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​​​​​​​​​​​​​​​​​​​​​​​​​​​​​​​​​​​​​​​​​​​​​​​​​​​​​​​​​​​​​​​​​Congratulations and welcome to parenthood. Adjusting to life with a newborn can be overwhelming and it is normal to experience moments of doubt as you learn and adapt in the first few weeks. Here is some information to help you during this special time.​

On this page:

Staying in hospital

During your hospital stay the midwives will support you and your baby as you transition to parenthood. This includes support with feeding, bathing, changing nappies, settling or anything else you need. We are also here to help you rest and recover from the labour and birth.​

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 Length of stay

​If mother and baby are both healthy and well after birth, they can go home directly from the birth unit a few hours after the baby is born. Most women, however, choose to have a short postnatal stay. If you have a vaginal birth, you can expect stay in hospital for 1 to 2 nights. If you have a caesarean birth, it is usual to stay 2 to 3 nights.
Midwives and medical staff will ensure both you and your baby are well prior to discharge. Following discharge from hospital, midwifery care can continue when you are at home with a combination of phone calls and home visits for up to 14 days after the birth of your baby. This is called PDF icon Midwifery in the Home. Following 14 days your care is transferred to your local Child and Family Health team and your GP.

 Single rooms

​While we are fortunate in this health district to have many single rooms available on the postnatal ward, they cannot be guaranteed for everyone and are allocated based on clinical needs. Single rooms also cannot be pre-arranged, they are allocated at the time of transfer from birth unit. We understand this is important to you and will try to accommodate this whenever we can.

 Can my partner stay?

​This depends on the room you are allocated which cannot be predicted or pre arranged. If you are in a single room with fold out couch your partner can stay with you overnight if you wish. Linen is provided for your partner however meals are not. Often, it is a sensible idea for your partner to go home overnight to have a good rest so they can be a better support for you in the day. You will have a midwife allocated to you at all times, to help you and your baby.

 Visiting hours

​Visiting hours differ between hospitals. Maternity wards can be noisy places and are popular with visitors. Each service tries to allocate quiet times, without visiting, at some stage of the day to ensure the mums get some rest. As you are likely to have a short stay, we recommend minimising visitors to enable you to get the most out of your postnatal stay. Partners are welcome anytime.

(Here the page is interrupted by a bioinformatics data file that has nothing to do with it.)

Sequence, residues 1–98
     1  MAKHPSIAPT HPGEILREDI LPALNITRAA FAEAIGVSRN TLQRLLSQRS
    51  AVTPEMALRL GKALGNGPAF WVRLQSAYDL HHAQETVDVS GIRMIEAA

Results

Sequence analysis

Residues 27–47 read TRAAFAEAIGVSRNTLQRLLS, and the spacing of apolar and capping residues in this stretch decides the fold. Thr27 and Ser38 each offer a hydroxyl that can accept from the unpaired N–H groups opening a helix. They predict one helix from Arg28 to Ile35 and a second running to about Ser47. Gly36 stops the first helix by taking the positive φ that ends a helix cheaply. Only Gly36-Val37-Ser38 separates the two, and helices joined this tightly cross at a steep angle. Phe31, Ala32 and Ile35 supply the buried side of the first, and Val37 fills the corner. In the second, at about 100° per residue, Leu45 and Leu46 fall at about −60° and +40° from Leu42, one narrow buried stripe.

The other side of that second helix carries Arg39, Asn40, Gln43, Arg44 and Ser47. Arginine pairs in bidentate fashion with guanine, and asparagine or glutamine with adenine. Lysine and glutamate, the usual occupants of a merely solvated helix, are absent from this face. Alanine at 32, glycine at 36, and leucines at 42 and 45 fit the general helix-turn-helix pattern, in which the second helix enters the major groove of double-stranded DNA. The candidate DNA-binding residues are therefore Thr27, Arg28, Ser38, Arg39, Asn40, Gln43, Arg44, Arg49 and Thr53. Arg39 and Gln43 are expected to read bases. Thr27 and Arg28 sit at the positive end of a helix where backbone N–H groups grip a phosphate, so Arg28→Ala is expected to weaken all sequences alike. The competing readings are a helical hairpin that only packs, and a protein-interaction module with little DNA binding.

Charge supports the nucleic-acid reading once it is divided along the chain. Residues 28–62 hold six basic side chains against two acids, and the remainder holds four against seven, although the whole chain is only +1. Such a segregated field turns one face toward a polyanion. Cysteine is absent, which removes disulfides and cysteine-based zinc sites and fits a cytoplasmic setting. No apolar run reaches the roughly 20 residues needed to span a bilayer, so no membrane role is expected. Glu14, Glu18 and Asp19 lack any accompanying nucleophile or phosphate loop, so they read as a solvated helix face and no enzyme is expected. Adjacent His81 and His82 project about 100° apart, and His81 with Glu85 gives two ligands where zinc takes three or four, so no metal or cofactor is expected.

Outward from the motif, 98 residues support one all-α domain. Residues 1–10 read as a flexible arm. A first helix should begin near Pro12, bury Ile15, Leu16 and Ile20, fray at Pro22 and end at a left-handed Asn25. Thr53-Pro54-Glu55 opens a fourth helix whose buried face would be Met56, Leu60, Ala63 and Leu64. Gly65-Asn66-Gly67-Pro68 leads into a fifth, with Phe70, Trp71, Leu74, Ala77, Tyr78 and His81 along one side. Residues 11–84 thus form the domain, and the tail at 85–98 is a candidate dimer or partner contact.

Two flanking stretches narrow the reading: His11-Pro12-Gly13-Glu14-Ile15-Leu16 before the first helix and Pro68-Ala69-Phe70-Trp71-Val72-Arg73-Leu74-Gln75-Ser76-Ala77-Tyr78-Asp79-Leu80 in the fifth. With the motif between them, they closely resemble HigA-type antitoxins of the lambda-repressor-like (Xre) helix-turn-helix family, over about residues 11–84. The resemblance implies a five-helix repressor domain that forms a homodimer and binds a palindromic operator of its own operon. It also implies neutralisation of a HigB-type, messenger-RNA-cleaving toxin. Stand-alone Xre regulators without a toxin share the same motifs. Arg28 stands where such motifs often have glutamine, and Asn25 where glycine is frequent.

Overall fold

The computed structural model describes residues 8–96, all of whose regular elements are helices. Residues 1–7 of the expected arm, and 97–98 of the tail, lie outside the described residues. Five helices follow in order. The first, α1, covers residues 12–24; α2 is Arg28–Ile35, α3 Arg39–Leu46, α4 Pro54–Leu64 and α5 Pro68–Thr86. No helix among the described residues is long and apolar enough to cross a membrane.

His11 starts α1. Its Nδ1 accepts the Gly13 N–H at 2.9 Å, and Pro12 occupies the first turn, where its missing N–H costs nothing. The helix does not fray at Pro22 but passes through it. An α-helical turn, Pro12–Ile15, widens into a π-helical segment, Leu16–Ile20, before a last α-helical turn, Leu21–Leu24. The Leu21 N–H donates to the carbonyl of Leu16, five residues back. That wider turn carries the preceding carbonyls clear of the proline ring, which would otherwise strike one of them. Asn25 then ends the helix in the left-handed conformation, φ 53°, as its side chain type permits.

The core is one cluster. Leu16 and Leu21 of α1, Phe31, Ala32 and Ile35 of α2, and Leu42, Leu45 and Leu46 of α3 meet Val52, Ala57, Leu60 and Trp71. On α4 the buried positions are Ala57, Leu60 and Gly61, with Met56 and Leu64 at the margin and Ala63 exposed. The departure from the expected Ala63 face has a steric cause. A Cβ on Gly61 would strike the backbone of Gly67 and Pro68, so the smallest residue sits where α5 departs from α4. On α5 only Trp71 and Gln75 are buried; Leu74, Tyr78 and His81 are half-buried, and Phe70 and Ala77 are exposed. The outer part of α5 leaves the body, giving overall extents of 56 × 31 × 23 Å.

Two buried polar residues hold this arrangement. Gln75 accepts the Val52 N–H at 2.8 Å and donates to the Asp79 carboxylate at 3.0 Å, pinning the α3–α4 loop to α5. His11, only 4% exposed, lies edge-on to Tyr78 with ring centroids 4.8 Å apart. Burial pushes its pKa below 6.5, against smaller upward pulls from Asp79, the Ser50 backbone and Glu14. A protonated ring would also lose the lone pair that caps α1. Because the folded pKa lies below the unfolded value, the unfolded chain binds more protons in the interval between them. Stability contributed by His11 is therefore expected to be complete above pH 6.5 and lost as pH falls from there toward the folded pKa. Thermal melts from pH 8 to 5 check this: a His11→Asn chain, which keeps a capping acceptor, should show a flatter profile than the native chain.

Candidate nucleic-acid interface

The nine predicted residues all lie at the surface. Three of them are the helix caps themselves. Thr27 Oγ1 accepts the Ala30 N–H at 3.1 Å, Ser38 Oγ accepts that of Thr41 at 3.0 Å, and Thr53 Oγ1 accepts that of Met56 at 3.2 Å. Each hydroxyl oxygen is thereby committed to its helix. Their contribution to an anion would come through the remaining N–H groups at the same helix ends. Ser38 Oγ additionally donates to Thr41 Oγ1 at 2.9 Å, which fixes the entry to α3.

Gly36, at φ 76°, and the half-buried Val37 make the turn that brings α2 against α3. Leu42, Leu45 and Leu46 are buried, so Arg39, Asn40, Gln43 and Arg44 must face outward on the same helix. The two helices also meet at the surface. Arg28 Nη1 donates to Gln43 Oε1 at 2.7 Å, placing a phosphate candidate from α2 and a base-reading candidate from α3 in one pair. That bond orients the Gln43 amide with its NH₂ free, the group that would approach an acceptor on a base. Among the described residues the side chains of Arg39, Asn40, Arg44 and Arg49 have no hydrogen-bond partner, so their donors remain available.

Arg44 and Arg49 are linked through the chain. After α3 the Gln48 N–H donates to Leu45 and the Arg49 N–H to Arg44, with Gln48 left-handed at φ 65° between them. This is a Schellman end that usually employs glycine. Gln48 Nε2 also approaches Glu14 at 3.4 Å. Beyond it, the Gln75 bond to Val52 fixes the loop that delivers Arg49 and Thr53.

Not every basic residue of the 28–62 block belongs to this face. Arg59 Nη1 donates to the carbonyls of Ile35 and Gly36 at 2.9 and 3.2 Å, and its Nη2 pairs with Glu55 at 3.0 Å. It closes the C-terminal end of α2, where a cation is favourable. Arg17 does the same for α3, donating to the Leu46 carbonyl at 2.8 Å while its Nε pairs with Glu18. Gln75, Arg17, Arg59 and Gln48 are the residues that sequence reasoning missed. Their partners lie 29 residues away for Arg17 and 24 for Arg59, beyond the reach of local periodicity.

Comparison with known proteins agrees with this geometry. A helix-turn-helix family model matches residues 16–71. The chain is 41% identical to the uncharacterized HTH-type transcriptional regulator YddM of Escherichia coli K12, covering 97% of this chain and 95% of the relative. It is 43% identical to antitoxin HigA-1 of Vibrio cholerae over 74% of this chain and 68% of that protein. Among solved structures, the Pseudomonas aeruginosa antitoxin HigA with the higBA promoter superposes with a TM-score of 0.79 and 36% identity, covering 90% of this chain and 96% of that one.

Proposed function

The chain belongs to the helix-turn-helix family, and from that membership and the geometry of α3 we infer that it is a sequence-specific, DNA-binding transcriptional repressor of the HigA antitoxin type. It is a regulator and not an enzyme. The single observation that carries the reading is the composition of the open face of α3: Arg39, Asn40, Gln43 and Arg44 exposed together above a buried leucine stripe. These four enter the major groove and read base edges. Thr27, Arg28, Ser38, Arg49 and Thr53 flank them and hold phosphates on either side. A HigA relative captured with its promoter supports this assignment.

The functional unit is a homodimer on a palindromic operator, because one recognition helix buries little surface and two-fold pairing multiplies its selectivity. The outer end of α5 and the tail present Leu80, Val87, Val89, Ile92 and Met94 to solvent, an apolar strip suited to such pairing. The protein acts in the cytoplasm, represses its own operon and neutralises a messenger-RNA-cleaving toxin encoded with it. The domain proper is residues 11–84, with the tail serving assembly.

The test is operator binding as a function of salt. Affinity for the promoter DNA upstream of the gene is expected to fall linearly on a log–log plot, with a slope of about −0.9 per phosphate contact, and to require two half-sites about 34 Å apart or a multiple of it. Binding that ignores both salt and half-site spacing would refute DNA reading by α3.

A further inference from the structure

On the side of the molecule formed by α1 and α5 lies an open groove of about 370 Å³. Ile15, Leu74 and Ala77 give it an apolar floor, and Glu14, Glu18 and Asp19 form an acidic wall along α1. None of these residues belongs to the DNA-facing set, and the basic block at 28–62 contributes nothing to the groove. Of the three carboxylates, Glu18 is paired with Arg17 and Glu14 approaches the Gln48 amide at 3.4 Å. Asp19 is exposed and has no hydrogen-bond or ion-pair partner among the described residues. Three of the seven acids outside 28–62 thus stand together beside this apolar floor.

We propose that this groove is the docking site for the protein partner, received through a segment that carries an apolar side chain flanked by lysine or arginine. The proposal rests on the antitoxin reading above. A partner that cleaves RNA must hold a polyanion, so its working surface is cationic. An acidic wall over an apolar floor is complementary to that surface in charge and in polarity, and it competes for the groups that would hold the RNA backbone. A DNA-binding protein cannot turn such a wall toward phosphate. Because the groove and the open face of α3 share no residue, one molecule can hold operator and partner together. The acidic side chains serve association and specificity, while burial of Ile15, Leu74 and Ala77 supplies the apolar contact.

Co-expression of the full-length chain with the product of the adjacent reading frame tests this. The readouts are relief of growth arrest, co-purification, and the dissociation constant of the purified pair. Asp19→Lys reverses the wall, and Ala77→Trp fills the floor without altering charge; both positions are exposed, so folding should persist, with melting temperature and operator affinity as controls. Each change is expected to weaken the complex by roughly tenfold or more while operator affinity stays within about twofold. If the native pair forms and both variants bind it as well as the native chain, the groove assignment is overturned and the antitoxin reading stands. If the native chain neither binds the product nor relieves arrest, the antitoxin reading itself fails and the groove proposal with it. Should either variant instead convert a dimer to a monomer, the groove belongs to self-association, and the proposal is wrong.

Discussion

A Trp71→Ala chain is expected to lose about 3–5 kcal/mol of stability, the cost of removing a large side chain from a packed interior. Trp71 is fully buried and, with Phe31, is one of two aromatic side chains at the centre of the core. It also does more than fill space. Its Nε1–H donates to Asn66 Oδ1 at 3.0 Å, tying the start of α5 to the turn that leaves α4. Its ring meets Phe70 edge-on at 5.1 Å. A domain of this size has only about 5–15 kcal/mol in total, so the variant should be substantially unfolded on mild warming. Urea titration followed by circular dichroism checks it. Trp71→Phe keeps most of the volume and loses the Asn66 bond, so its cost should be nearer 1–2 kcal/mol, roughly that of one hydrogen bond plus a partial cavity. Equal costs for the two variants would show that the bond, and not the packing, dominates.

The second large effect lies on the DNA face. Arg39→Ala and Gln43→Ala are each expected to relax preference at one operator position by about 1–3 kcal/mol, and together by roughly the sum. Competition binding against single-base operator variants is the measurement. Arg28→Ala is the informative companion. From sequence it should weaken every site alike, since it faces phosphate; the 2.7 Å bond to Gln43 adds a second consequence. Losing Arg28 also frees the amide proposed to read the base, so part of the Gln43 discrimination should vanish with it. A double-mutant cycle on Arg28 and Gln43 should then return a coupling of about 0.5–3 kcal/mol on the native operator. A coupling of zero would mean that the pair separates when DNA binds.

Royal North Shore Maternity Unit visiting hours: 10am to 1pm / 3pm to 8pm

Hornsby Ku-ring-gai Maternity unit visiting hours: 10am to 12pm / 2pm to 8pm

 Education sessions

​Each Maternity Unit offers education sessions during week days, topics include feeding and settling. Partners are welcome to attend also.

 Baby’s hearing check

​All babies are offered aExternal Linkhearing check in the first few days while in hospital. If this is not able to be done an appointment will be arranged for your baby.

 Newborn bloodspot screening

External LinkNewborn Bloodspot Screening is a free blood test offered to all babies within two to three days after birth. This test checks for 25 different medical disorders such as cystic fibrosis, primary congenital hypothyroidism and other rare diseases.

 I do not wish to breastfeed and I plan to bottle feed my baby, do I need to bring anything?

​Royal North Shore Hospital:

No. Formula, bottles & teats will be provided for your baby while you are in hospital. Prior to the your baby’s birth we do recommend that you purchase the formula, bottle & teats you wish to use

Hornsby Ku-ring-gai Hospital:

Yes. Please bring the formula you plan to use, bottles and teats, so we can support you preparing your baby’s feeds for when you go home

 Postnatal bladder, bowel, and pelvic floor care

 Immediate care of your perineum

​Many women will have stitches in their perineum after birth. Maintaining regular hygiene is important for healing.

Here are some recommendations for a good recovery:

  • Change pads regularly
  • Wash perineum regularly with soap and water and gently pat dry
  • Ice packs can assist in pain relief
  • Rest in elevated positions – lying flat on stomach with pelvis on a pillow
  • Speak to your doctor or midwife if you are concerned or would like some further information

 Recovering from a forceps birth

​Many women find it beneficial to engage with a women’s health physiotherapist following a birth assisted by forceps. Where possible this can occur during your inpatient stay. There are several women’s health physiotherapists in the community who you may wish to follow up with at 6-8 weeks post birth.

 Bladder care

​Reduced bladder sensation is common in the early days after birth. This means you may not notice if your bladder is full as easily as you did before the baby was born.

The following tips are recommended to help with this:

  • Drink to thirst, approximately 1 – 2 litres per day
  • Empty your bladder at least every 3 hours during the day and once overnight until your bladder sensation has returned to normal
  • If you have any concerns, let your midwife or doctor know

External Link Urinary and bowel incontinence in the first few months after birth can be of concern. It takes time for healing after birth. If you are experiencing any loss of urine or bowels, please speak with your midwife or doctor.

 Pelvic muscle care

  • ​Squeeze yourExternal Linkpelvic floor muscles prior to coughing, sneezing, or lifting to protect against increases in pressure
  • Perform regular pelvic floor exercises

TheExternal LinkContinence Foundation of Australia have educational videos and resources for pregnancy and after birth.

 Recovering from a caesarean

  • Recovery is different for every woman. We encourage gentle movement following surgery.
  • The midwives and medical staff are here to help, and you will be offered regular pain relief.